There is a critical need to develop network analysis tools that can assess changes in effective connectivity, i.e., in the cause-and-effect interactions among cortical regions, to complement and augment network analyses based on correlations between neural activity in different areas, such as resting state fMRI studies. Transcranial magnetic stimulation compatible electroencephalography (TMS/EEG) has unique potential for identifying causal network models because it offers a controlled, repeatable means for exogenous perturbation of brain activity and noninvasive measurement of the resultant effects with high temporal resolution and high signal-to-noise ratio. The long-term goal of this research is to develop new signal procesing tols for noninvasive assessment of cause and effect interactions in the cortex. The objective of this project, which is directed toward achieving this long-term goal, is to develop and evaluate a novel quantitative method that integrates the modeling of distributed cortical sources, the effect of TMS perturbation, and causal dynamic linear network models. The folowing specific aims wil be pursued to achieve this objective: 1) Develop and validate linear dynamic perturbation models (LDPM) for TMS/EEG;and 2) Quantify LDPM network properties in humans during three vigilance states: wake, non-REM sleep, and anesthesia. The project is innovative both in terms of the technical approach and the application to the study of the neural substrates of vigilance states. First, the LDPM model simultaneously accounts for the spatio-temporal attributes of TMS stimulation and spontaneous activity. Second, advanced signal-processing methods and EEG source models are employed to infer cortical network models directly from scalp recordings within a state-space framework. Third, cross- validation strategies provide definitive, quantitative evidence of model effectiveness. Fourth, use of human data from distinct vigilance states will provide rich diversity for model validation and quantitative characterization of the distinct network properties of the brain in wake, sleep, and anesthesia. The LDPM method is also applicable to task-related studies of specific networks, e.g., working memory. The project is significant because the LDPM method for causal network modeling and analysis of TMS/EEG data will provide neuroscientists with a new tool for analyzing cause and effect interactions in the cortex. This methodology will enable hypotheses about normal brain function, development, and disease to be tested and have an important positive impact on the characterization/diagnosis/treatment of connectivity disorders.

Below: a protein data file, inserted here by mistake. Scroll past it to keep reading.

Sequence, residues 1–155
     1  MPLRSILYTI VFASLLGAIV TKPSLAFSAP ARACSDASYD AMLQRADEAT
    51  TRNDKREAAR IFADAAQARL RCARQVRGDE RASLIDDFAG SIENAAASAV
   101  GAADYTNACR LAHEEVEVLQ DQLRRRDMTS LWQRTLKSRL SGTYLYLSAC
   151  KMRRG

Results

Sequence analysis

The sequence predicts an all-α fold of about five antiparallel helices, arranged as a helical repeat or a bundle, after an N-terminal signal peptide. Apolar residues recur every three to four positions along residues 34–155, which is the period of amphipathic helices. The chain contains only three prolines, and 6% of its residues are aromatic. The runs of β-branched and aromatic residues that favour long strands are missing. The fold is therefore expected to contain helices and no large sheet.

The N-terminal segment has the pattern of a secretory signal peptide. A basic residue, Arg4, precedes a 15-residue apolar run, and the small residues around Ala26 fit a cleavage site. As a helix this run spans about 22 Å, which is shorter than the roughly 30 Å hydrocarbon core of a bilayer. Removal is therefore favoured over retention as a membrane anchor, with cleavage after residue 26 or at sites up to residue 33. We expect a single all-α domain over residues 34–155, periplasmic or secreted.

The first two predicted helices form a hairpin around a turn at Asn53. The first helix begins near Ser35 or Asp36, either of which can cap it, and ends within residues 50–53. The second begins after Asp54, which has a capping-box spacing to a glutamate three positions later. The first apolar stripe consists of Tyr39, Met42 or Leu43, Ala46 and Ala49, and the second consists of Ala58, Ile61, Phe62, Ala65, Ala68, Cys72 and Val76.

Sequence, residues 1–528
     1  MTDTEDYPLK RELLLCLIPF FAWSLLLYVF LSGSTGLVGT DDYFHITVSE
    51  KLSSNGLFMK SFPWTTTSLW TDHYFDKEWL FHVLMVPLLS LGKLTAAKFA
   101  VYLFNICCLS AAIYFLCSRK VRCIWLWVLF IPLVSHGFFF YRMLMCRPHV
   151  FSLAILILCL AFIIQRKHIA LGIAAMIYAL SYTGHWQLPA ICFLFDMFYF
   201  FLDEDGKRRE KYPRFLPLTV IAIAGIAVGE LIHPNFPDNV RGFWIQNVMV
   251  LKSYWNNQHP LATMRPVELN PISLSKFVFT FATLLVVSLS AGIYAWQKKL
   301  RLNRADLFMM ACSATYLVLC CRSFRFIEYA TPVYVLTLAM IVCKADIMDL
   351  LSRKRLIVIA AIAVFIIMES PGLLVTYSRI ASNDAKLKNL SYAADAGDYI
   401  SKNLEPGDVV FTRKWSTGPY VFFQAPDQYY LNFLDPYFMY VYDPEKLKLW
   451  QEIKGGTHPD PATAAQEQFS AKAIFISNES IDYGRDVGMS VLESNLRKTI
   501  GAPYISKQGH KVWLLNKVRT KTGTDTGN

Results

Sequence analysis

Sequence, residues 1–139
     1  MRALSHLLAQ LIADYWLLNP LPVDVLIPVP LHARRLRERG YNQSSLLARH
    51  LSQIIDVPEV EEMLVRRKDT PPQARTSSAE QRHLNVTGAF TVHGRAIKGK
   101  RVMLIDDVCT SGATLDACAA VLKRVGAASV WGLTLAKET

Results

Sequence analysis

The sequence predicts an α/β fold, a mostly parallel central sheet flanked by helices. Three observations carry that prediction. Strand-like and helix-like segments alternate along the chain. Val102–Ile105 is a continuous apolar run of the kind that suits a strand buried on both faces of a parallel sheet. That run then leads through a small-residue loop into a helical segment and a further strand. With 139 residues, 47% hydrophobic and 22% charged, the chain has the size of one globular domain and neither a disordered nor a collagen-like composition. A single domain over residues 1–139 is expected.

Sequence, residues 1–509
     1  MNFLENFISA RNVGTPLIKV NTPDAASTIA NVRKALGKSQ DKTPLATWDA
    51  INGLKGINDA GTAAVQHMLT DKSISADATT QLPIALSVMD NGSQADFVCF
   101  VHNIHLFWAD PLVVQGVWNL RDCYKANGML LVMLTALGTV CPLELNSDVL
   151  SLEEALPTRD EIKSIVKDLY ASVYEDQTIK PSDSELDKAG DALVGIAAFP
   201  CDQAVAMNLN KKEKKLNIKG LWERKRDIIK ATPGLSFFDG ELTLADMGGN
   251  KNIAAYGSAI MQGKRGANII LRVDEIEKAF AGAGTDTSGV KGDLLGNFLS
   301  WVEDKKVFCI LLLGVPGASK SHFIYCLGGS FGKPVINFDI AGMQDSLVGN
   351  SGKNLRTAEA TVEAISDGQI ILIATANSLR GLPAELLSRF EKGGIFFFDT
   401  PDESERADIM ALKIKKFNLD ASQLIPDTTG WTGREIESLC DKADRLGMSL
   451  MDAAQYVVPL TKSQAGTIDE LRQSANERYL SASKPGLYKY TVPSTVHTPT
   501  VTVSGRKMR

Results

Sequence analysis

Public Health Relevance

The perturb-and-measure approach proposed here for identifying causal brain network models is expected to result in new tools for assessing the network properties of the thalamocortical system and is uniquely suitable for uncooperative patients, such as those in coma, vegetative, or minimally conscious states, or those with locked-in syndrome. It is applicable to assessment of any disease that affects the interaction between distinct neural systems in the brain, including stroke, schizophrenia, tumors, Alzheimers and epilepsy.

National Institute of Health (NIH)
National Institute of Biomedical Imaging and Bioengineering (NIBIB)
Exploratory/Developmental Grants (R21)
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Special Emphasis Panel (NOIT)
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Sastre, Antonio
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University of Wisconsin Madison
Engineering (All Types)
Schools of Engineering
United States
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Dentico, Daniela; Cheung, Bing Leung; Chang, Jui-Yang et al. (2014) Reversal of cortical information flow during visual imagery as compared to visual perception. Neuroimage 100:237-43